Among the instruments of this kind from central America the most complete have four finger-holes. By means of three holes, four sounds (including the sound which is produced when none of the holes are closed) can be emitted: the fourth finger-hole, when closed, has the effect of lowering the pitch a semitone. By a particular process two or three lower notes are obtainable.
Rather more complete than the above specimens are some of the whistles and small pipes which have been found in graves of the Indians of Chiriqui in central America. The pipe or whistle which is represented in the accompanying engraving appears, to judge from the somewhat obscure description transmitted to us, to possess about half a dozen tones. It is of pottery, painted in red and black on a cream-coloured ground, and in length about five inches.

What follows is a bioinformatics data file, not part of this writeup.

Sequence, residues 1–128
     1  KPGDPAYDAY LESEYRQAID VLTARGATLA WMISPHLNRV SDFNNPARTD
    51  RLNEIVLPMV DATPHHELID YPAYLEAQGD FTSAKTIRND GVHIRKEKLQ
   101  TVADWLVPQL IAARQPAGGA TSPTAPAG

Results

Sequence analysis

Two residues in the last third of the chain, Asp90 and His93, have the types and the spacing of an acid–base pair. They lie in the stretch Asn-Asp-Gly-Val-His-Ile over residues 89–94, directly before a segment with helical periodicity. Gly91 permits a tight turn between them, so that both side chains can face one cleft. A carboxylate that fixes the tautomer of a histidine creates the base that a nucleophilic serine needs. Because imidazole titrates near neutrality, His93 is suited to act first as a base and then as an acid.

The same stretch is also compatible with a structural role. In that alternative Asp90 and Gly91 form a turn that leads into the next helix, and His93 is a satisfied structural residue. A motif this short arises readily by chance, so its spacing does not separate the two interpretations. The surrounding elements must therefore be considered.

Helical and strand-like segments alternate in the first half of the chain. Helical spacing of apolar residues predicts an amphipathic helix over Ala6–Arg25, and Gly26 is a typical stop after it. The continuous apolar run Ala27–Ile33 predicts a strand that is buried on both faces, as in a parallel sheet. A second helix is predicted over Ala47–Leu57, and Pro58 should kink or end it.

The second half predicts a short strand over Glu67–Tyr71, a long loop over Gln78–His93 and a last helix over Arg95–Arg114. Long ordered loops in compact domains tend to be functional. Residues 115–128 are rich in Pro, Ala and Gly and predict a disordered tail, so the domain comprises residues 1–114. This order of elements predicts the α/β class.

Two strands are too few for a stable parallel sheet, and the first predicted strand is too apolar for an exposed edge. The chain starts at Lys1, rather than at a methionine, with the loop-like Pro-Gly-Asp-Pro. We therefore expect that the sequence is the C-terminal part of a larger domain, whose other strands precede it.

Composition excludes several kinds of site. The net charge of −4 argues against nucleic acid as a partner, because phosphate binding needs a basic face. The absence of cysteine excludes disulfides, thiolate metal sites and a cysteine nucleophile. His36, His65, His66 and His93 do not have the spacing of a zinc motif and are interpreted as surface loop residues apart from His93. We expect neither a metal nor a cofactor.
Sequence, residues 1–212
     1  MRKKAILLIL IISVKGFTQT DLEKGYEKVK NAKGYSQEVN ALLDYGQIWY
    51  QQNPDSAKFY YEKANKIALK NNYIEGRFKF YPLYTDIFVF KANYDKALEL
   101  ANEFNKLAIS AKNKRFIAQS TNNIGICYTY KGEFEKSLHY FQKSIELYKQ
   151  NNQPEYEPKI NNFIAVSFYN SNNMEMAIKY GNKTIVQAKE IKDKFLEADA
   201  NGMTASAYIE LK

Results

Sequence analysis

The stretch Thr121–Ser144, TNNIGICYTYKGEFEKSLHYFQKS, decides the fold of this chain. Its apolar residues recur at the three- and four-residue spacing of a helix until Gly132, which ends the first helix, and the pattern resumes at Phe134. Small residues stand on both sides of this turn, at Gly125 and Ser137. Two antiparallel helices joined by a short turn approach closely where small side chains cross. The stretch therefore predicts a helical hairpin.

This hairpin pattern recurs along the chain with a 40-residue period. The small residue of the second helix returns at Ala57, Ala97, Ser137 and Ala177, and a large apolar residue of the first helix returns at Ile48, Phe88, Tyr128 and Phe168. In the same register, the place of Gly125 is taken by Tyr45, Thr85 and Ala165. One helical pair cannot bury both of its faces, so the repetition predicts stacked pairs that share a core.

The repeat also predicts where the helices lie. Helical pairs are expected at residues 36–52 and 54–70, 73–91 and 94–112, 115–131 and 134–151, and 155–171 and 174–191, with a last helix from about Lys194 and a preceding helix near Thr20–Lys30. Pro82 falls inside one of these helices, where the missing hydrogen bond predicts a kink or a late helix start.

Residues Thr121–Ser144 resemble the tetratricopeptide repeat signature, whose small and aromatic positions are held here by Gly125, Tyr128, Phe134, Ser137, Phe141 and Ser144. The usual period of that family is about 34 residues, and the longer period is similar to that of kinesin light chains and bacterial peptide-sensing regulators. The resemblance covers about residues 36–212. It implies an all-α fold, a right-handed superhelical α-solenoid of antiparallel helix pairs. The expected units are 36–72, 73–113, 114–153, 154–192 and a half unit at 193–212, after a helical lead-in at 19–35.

The Mexicans possessed a small whistle formed of baked clay, a considerable number of which have been found. Some specimens are singularly grotesque in shape, representing caricatures of the human face and figure, birds, beasts, and flowers. Some were provided at the top with a finger-hole which, when closed, altered the pitch of the sound, so that two different tones were producible on the instrument. Others had a little ball of baked clay lying loose inside the air-chamber. When the instrument was blown the current of air set the ball in a vibrating motion, thereby causing a shrill and whirring sound.